Although expected to mourn, women were generally advised against attending funerals, especially for those nearest and dearest to them.

Arthur Harvey did not hail from Dover himself. He had been born in Bristol and was in Dover because he was the manager of the Lord Warden Hotel. However he too became involved in Dover’s affairs becoming a Councillor in 1920. Quite possibly he might have gone on to serve longer had not illness intervened. The Dover Express in 1924 reports his death in Felixstowe, where he had gone in the hope of improving his health, and indicated that his illness had been of some six months’ duration.

Curiously, although still acting as town councillor in Dover, the newspaper notes that he left Dover in about 1921 and managed a hotel in Bexhill before then going on to successfully run the University Arms Hotel, Cambridge.

University Arms, Cambridge

Image from http://www.universityarms.com/restoration

The University Arms hotel was opened in 1834 and is considered to be Cambridge’s oldest hotel. It has been recently restored – having been damaged by fire in 2013, dramatic pictures of which can be found at http://www.bbc.co.uk/news/uk-england-cambridgeshire-24379988 – and continues to operate as a hotel.

But he was associated most with the Lord Warden Hotel. https://doverhistorian.com/2013/10/02/lord-warden-hotel-house/ carries a splendid history of the hotel written by Lorraine Senicle.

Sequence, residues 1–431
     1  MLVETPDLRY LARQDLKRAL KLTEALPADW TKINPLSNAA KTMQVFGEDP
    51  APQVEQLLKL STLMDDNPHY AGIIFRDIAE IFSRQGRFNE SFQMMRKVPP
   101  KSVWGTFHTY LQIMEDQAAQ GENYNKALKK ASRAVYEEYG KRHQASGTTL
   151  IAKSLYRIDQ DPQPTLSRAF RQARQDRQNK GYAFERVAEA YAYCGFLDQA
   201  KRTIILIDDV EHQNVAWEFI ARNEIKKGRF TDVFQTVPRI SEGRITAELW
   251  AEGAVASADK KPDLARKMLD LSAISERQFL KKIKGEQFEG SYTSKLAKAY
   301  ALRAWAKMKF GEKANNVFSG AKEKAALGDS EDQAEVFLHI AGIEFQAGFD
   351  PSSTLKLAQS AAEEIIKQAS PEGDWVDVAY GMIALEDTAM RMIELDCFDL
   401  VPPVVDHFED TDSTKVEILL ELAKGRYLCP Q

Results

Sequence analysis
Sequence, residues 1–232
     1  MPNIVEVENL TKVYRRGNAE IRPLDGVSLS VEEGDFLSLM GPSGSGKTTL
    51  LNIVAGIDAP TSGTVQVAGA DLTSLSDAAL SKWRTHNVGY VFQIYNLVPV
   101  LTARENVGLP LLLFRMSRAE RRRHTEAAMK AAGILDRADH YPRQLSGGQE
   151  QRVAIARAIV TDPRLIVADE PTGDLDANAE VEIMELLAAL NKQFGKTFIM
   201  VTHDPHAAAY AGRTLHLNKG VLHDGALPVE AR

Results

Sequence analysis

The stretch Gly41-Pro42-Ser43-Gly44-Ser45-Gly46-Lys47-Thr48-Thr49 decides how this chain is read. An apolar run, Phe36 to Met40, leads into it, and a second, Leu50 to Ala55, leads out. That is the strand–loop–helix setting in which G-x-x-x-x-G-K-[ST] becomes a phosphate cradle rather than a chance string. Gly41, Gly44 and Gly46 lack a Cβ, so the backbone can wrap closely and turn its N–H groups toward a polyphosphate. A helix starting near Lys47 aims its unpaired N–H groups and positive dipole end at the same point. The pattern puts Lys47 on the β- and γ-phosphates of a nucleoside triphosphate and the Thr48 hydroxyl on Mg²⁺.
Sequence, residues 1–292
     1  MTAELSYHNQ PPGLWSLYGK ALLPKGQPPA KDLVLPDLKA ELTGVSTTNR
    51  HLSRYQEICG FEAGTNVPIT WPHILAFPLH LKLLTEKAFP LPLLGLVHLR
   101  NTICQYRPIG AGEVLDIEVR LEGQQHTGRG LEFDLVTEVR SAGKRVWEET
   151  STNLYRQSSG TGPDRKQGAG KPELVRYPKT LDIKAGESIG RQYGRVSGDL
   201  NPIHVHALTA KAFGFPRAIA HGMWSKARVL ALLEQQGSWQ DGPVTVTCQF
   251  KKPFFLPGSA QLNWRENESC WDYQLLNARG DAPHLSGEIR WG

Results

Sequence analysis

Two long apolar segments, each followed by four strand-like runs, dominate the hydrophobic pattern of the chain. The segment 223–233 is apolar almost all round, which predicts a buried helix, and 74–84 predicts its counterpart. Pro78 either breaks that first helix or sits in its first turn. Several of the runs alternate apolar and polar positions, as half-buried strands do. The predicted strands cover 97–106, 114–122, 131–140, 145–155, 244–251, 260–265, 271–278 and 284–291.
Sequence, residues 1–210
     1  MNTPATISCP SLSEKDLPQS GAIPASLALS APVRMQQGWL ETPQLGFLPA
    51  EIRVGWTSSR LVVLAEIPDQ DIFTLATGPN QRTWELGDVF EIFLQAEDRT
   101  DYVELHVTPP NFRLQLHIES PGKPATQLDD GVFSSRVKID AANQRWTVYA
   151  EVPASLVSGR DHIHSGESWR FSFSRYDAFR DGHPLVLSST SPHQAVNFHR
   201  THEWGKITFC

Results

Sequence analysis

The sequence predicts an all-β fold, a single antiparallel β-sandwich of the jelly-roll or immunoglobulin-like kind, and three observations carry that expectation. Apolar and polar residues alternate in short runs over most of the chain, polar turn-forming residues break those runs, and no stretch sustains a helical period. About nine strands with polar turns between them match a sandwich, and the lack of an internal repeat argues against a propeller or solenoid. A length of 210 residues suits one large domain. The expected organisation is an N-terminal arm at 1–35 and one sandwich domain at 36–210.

Designed by the leading theatre architect, Samuel Beazley (1786-1851), the remit was that the hotel was to look ‘magnificent from the sea, the barracks (on Western Heights and the Castle) and for passengers coming by rail.’

Rather like the University Arms, Cambridge, the hotel was clearly intended to attract the wealthier customers, in Dover to cross the Channel and for onward travel on the Continent. For their convenience, there was a covered walkway from the first floor of the hotel to the train station. The hotel had been named after the Duke of Wellington, who had also been the Lord Warden. John Birmingham was its first manager.

Among the many renowned guests was Napoleon III, the nephew of Wellington’s opponent at Waterloo. The Dover Society placed a blue plaque on the building to commemorate this.

Blue plaque
Dover Society Blue Plaque